2.4 Immutability of Objects

  • 2.4.1 Behavior of Interfaces
  • Most CLIM objects are immutable, that is, at the protocol level none of their components can be modified once the object is created. Examples of immutable objects include all of the members of the region classes, colors and opacities, text styles, and line styles. Since immutable objects by definition never change, functions in the CLIM API can safely capture immutable objects without first copying them. This also allows CLIM to cache immutable objects. Constructor functions that return immutable objects are free to either create and return a new object, or return an already existing object. [annotate]

    [immutable, Concept← A Glossary]

    A few CLIM objects are mutable. Examples of mutable objects include streams and output records. Some components of mutable objects can be modified once the object has been created, usually via setf accessors. [annotate]

    [mutable, Concept← A Glossary]

    In CLIM, object immutability is maintained at the class level. Throughout this specification, the immutability or mutability of a class will be explicitly specified. [annotate]

    Note: throughout the specification, the words "instances of" are likely to be omitted when describing the behavior of instances of a class. [edit]-- Adlai Chandrasekhar 2021-03-19 18:29Z

    Some immutable classes also allow interning. A class is said to be interning if it guarantees that two instances that are equivalent will always be eq. For example, if the class color were interning, calling make-rgb-color twice with the same arguments would return eq values. CLIM does not specify that any class is interning, however all immutable classes are allowed to be interning at the discretion of the implementation. [annotate]

    In some rare cases, CLIM will modify objects that are members of immutable classes. Such objects are referred to as being volatile. Extreme care must be take with volatile objects. This specification will note whenever some object that is part of the API is volatile. [annotate]

    Note: s/must be take/must be taken/ [edit]-- Fred Feuerstein 5 2020-04-11 02:20Z

    2.4.1 Behavior of Interfaces

    In this specification, any interfaces that take or return mutable objects can be classified in a few different ways. [annotate]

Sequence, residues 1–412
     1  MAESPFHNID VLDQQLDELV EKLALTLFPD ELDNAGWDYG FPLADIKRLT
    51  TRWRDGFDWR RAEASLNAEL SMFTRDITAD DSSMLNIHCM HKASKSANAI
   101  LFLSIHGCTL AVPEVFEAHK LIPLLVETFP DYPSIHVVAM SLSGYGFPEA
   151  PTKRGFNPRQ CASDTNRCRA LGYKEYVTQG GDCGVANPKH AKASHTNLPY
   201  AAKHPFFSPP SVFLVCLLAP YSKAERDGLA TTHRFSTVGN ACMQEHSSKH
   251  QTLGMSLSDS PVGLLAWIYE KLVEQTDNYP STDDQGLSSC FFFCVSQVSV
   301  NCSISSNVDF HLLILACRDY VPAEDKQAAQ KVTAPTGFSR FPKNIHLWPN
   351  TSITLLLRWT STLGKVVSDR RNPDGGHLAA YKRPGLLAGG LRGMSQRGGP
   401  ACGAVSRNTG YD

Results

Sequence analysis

Most functions do not capture their mutable input objects, that is, these functions will either not store the objects at all, or will copy any mutable objects before storing them, or perhaps store only some of the components of the objects. Later modifications to those objects will not affect the internal state of CLIM. [annotate]

    Some functions may capture their mutable input objects. That is, it is unspecified as to whether a CLIM implementation will or will not capture the mutable inputs to some function. For such functions, programmers should assume that these objects will be captured and must not modify these objects capriciously. Furthermore, it is unspecifed what will happen if these objects are later modified. [annotate]

    Some programmers might choose to create a mutable subclass of an immutable class. If CLIM captures an object that is a member of such a class, it is unspecified what will happen if the programmer later modifies that object. If a programmer passes such an object to a CLIM function that may capture its inputs, he is responsible for either first copying the object or ensuring that the object does not change later. [annotate]

    Some functions that return mutable objects are guaranteed to create fresh outputs. These objects can be modified without affecting the internal state of CLIM. [annotate]

    Functions that return mutable objects that are not fresh objects fall into two categories: those that return read-only state, and those that return read/write state. If a function returns read-only state, programmers must not modify that object; doing so might corrupt the state of CLIM. If a function returns read/write state, the modification of that object is part of CLIM's interface, and programmers are free to modify the object in ways that "make sense". [annotate]